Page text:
For more information about shared memory you probably want to use the program shminfo. This little thing should be available at (sorry, don't have the exact link at the moment).

Hope this is helpful


Re: SHMMAX and Oracle SGA

You have a whole lot of answers here that will point you in the right direction.

The correct Oracle parameter that you will want to use to lock your SGA in memory is 'pre_page_sga'.

This is a boolean that when set to TRUE, will load all SGA pages into memory. It might increase instance startup but you will see a slight improvement in performance with the amount of RAM that you have.

It is platform specific though!
Tim Killinger
Regular Advisor

Re: SHMMAX and Oracle SGA

Thanks for all the replys everyone..... I apreciate it... and I'm learning!
Bill Hassell
Honored Contributor

Re: SHMMAX and Oracle SGA

It's very important to differentiate between 64bit HP-UX (the operating system) and 64bit Oracle (an application program). There are far too many critical database apps running 32bit Oracle code on 64bit HP-UX which creates the memory limitations.

If your DBA is really running 64bit Oracle, then SGA can be several Gb in size and take advantage of in-memory sort areas, fast row insertions and bypass the HP-UX buffer cache with Oracle's built-in cache. Note that in order to bypass HP-UX's buffer cache, there are two steps:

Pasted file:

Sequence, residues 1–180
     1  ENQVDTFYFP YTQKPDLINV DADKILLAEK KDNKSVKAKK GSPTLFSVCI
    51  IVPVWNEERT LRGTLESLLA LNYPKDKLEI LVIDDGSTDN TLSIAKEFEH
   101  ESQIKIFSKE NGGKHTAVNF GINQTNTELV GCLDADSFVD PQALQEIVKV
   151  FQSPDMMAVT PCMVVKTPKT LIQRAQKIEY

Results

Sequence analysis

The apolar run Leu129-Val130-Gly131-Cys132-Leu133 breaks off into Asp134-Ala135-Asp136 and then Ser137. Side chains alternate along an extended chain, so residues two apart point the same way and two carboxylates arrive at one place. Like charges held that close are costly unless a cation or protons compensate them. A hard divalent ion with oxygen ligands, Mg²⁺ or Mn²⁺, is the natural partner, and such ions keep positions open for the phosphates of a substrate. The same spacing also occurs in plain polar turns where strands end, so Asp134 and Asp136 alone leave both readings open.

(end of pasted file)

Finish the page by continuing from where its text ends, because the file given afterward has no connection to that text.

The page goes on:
- Make sure that all Oracle data and index lvols are separate mountpoints, and that rollback, redo and archive logs as well as Oracle executables and config files are not mixed into these data area mountpoints.

- Mount the data lvols are mounted with the options: rw,nosuid,delaylog,mincache=direct,convosync=direct,nodatainlog

NOTE: The options mincache and convosync are part of Advanced JFS, an optional product, but should be part of any Oracle installation. Once you have increased the Oracle SGA for a larger cache (perhaps 500 to 800 megs) and remounted the data/index lvols with the above options, the HP-UX buffer cache can be reduced to about 200 megs (for 8Gb RAM, that would be about 3 percent. Set (kernel parameters) dbc min to about 1 or 2 percent and dbc max to 3 or 4 percent.

Here is the link for the contributed program: shminfo:

Note that IE has a big problem with ftp sites (this is not http://) so you'll need to go into Tools->Internet Options->Advanced and turn OFF the folder view for FTP sites.

Bill Hassell, sysadmin